Review Summary: Jon Hopkins truly comes into his own.
7 of 7 thought this review was well written
Producing for Coldplay. Collaborating with Brian Eno. Scoring films. Over the course of the last decade, London-based producer Jon Hopkins has built himself an impressive resume. However, almost all of his work has been on the periphery of or in cooperation with other artists. This output has been admirable, but never enough to make a name for himself. Immunity changes all of that. It marks the point where Jon Hopkins stepped out from the wings and boldly took centre stage. It is the first true Jon Hopkins album, and coincidentally the finest album I have heard all year.
One could describe Immunity as an electronic album, but that term betrays both the warmth and diversity the album holds. Glitchy opener “We Disappear” is something of a red herring, suggesting an album much harsher than the one that follows. “Open Eye Signal” and “Breathe This Air” are far more representative of Immunity's sound, the former a deep house juggernaut that subtly and thrillingly evolves over eight minutes, the latter a brooding Burial-style dub interwoven with a melancholy piano refrain. Piano is regularly the focal point, such as on stunning instrumental “Abandon Window”, where a series of heartbreaking chords are set against the distant sound of fireworks. Despite several stops into quieter, more organic territory, Immunity never loses its momentum or focus.
Perhaps the album's greatest strength is its ability to both channel other artists and feel wholly unique. I could identify within Immunity qualities of a dozen other musicians – the mathematical precision of Autechre, the restlessness of Flying Lotus, the ethereality of Boards Of Canada – but never do these qualities feel plagiarised. Even at the album's most imitative, namely on the shamelessly Sigur Rós-like title track, Immunity is its own beast.
Immunity is both the best album I've heard in 2013, and the finest example of 'electronic' music I've come across in some time. I'd have to scour back several years to find an album that struck me as quite this engaging, this colourful, this perfect. There's a feeling Immunity gives me that few albums ever have, most potently on 12-minute rainforest odyssey “Sun Harmonics.” And that feeling is bliss.
Pretty good review. I take issue with you calling the title track "shamelessly Sigur Ros-eque" though. It's basically just a reprise of his work with King Creosote on Diamond Mine, only with the ambience and reverb ramped up.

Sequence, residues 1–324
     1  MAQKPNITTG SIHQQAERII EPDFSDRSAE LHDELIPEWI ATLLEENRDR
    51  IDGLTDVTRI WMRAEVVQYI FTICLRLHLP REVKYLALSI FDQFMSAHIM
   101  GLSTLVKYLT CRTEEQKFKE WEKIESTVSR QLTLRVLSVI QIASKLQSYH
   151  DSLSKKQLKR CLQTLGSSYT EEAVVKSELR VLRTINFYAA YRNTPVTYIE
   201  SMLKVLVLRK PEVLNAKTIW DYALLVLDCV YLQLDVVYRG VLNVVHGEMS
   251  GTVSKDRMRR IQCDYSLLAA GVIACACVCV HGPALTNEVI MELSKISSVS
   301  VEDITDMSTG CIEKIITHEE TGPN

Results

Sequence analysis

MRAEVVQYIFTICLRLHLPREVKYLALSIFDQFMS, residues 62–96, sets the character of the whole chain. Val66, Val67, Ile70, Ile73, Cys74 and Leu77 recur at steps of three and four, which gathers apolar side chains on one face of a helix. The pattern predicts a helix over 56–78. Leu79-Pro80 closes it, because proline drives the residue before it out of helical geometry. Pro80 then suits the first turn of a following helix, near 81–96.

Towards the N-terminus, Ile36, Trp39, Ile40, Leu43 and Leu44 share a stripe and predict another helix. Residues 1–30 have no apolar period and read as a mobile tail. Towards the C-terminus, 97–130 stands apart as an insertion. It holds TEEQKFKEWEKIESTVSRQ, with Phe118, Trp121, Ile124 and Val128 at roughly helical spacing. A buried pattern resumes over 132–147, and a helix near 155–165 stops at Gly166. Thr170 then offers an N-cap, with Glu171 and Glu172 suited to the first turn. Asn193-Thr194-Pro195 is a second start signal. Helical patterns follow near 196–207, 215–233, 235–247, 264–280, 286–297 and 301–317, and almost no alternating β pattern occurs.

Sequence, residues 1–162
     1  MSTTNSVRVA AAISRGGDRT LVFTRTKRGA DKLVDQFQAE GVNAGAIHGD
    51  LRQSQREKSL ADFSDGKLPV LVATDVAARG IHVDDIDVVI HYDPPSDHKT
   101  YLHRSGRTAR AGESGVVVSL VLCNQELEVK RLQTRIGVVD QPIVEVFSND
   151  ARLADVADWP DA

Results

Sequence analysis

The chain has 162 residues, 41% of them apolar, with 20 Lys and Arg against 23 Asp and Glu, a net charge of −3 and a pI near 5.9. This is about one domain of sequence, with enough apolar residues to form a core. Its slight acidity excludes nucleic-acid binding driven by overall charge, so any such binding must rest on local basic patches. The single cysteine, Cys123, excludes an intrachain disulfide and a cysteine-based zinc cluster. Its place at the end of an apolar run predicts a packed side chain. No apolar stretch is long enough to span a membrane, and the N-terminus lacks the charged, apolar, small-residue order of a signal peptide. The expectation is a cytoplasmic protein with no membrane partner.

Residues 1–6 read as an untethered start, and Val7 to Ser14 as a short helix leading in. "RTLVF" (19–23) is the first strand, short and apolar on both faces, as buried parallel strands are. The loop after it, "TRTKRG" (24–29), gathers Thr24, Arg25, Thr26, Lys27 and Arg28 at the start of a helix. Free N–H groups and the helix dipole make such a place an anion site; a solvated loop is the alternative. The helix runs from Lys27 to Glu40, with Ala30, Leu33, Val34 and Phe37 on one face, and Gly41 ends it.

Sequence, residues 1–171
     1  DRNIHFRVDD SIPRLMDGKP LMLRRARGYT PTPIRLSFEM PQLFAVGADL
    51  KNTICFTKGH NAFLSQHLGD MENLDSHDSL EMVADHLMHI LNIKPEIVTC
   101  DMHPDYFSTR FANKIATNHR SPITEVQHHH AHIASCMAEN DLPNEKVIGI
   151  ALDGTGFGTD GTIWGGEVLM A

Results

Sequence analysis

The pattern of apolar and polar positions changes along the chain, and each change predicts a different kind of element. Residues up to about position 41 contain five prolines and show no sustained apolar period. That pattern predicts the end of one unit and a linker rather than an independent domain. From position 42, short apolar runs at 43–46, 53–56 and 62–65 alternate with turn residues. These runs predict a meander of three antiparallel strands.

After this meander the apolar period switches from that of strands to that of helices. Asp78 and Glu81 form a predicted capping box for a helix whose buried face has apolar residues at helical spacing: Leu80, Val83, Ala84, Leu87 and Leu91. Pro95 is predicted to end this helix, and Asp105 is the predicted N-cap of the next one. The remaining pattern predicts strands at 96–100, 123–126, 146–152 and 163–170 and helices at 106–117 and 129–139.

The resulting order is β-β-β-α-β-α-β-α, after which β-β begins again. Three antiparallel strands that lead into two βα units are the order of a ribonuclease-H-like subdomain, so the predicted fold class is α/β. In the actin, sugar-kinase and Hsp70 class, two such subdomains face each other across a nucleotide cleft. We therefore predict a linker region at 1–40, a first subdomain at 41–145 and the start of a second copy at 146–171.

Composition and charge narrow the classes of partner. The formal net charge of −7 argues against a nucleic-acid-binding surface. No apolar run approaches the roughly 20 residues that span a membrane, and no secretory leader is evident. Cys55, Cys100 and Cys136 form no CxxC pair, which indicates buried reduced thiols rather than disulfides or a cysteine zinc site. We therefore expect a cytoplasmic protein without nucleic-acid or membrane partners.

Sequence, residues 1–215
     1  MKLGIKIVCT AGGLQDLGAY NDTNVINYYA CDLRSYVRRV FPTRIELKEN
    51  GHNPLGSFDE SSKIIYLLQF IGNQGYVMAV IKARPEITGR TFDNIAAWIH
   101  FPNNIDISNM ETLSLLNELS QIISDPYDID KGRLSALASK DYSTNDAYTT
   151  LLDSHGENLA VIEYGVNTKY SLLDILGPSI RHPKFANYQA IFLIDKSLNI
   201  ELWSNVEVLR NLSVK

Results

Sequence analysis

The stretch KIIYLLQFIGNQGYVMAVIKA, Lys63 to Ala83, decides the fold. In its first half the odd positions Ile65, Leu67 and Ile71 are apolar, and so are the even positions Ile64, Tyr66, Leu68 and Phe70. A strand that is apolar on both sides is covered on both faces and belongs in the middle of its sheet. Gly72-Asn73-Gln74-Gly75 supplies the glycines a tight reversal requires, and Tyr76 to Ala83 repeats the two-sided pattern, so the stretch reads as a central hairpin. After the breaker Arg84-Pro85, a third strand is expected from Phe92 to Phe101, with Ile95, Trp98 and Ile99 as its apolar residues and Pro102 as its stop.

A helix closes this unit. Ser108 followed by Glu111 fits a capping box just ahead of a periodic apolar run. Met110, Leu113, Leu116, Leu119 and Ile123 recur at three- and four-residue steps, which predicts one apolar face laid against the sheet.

It is definitely not the first "true Jon Hopkins album", although it definitely is the one that has had the most exposure. Good review though. Maybe one other point: I tend to like 5 star reviews to be a bit more hyperbolic.
@AliW1993 I found the title track to be very much like something off of ( ), even if Jon Hopkins has dabbled in that sound previously the similarity to Sigur Ros' sound is so strong, I'm calling it well-channeled influence.
@dcalderon I found a few spots on this, especially the first part of Form by Firelight, to sound like a slowed down Cosmogramma. Feel free to disagree
Pretty much disagree with the entire first paragraph (honestly, it kinda reads like you've just discovered Hopkins through the attention this particular album has received) but other than that it was a good read (even though your comparisons to Flylo and Autechre seem a little left of centre)
Immunity is both the best album I've heard in 2013, and the finest example of 'electronic' music I've come across in some time.
Just curious, but why put electronic music in quotes? It kinda reads like you don't really see it as being electronic music because of that; but that may just be me
I've known about Jon Hopkins for a while, I liked Small Craft on a Milk Sea and also his production/playing on Viva La Vida, back when I was something of a Coldplay fan. You're welcome not to agree with the FlyLo and Autechre comparisons
And 'electronic' was a reference to a line earlier in the review, "one could describe Immunity as an electronic album, but that term betrays both the warmth and diversity the album holds." I just wanted to express my reluctance to use the term, even if that is the genre this album exists in, because most people don't associate it with a release as warm and diverse as this one. I don't want readers to falsely assume this is a homogenous dance album